Thankfully, we can now carry in National Parks if the local laws permit it. Unfortunately for one 63 year old Montana man, hiking alone and off-trail while unarmed turn out to be a fatal proposition. Yes, I would carry in a National Park, anti-gun folks, because I have no desire for my mortal remains to include a few dozen pounds of bear poop.
Crosby was the sixth person killed since 2010 by grizzlies in the greater Yellowstone area, which has an estimated 750 grizzlies and includes the park and surrounding portions of Montana, Idaho and Wyoming.
Encounters between humans and grizzlies bears have risen sharply in recent decades as the region’s grizzly population expanded. But relatively few lead to death or injury, and park officials say the risk of being attacked by a bear is comparable to the chances of being struck by lightning.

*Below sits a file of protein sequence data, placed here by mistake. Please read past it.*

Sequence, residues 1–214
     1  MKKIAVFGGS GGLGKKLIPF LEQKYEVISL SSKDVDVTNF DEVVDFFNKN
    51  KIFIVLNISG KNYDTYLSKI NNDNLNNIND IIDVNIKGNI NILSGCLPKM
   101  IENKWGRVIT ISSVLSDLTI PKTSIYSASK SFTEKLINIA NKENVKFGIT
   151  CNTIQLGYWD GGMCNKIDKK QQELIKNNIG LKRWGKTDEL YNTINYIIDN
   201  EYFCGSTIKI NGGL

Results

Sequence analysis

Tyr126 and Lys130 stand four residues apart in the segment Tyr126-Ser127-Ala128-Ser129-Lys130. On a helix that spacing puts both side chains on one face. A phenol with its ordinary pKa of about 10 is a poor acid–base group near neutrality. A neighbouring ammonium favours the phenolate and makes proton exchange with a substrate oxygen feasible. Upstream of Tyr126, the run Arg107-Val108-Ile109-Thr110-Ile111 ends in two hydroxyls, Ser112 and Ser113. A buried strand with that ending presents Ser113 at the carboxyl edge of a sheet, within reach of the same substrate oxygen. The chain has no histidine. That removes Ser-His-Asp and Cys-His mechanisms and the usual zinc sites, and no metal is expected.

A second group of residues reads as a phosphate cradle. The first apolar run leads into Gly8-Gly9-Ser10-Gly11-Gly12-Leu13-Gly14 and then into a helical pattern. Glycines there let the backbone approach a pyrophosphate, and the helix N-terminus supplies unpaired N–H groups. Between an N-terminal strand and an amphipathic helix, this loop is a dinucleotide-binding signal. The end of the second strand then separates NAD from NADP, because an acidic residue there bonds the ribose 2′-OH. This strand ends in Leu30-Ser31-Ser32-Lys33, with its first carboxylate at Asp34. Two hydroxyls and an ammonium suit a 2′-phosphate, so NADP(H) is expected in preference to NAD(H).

Yeah, and despite the risk of being struck by lightning being very small, years ago when I was hiking in the Northern Rockies, I learned the hard way why it’s advisable to clear off mountain peaks before the afternoon comes around and storms start brewing. I wasn’t hit, but I did learn from a far closer vantage point than I was comfortable with that rocks can be blown apart by lightning strikes. The storm came up on the other side of the mountain, and I never saw it coming. This was before the days when you could just pull up the weather radar on your phone. I will tell you, I was not feeling very comforted by the statistic that I’m very unlikely to get struck by lightning. By the same token, I doubt a hiker who comes across a big ol’ grizzly bear is likely to be very comforted by the fact that he’s very unlikely to be eaten. I wouldn’t hike up a mountain in a summer afternoon, and I wouldn’t hike in grizzly country without a proper hand cannon either.